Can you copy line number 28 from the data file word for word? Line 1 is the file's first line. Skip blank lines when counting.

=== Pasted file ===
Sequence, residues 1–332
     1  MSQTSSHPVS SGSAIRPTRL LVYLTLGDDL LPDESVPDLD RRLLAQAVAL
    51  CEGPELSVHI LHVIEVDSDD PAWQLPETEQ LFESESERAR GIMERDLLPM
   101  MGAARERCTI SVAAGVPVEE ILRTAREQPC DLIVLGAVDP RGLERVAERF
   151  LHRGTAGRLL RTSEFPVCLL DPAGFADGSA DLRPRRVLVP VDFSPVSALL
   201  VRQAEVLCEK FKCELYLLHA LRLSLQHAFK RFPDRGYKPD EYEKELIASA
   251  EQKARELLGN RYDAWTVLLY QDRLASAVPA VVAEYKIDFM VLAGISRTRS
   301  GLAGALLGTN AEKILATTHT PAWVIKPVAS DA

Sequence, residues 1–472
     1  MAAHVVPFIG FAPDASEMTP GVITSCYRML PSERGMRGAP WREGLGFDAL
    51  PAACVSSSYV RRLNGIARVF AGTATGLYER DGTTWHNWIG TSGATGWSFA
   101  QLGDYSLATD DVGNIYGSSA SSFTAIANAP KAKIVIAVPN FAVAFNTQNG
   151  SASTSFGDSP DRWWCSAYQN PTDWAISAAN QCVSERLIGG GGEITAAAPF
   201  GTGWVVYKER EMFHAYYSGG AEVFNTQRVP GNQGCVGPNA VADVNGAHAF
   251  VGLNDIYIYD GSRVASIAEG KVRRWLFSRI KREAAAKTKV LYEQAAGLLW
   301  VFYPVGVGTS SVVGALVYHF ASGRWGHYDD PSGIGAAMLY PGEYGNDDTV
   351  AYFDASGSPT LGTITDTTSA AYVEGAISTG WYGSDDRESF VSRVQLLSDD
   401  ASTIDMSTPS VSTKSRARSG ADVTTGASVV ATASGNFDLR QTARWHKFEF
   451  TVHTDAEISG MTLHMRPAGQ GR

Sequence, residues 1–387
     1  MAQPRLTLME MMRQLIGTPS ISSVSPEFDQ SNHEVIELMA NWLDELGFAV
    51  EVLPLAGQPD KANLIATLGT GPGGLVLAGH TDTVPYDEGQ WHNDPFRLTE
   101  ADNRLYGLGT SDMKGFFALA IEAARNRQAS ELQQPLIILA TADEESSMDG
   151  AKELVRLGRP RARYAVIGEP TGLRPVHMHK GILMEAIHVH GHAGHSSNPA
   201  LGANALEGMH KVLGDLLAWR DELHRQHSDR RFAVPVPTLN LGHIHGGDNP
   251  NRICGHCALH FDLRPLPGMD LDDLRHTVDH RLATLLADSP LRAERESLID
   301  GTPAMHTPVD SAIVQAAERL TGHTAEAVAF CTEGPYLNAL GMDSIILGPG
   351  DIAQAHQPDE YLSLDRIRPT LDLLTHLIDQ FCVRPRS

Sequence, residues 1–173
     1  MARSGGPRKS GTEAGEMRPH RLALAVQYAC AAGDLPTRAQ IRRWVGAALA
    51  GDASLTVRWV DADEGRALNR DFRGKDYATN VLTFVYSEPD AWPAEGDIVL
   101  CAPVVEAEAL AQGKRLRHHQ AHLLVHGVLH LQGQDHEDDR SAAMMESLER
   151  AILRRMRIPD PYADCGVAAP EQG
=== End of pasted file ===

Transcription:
   351  DIAQAHQPDE YLSLDRIRPT LDLLTHLIDQ FCVRPRS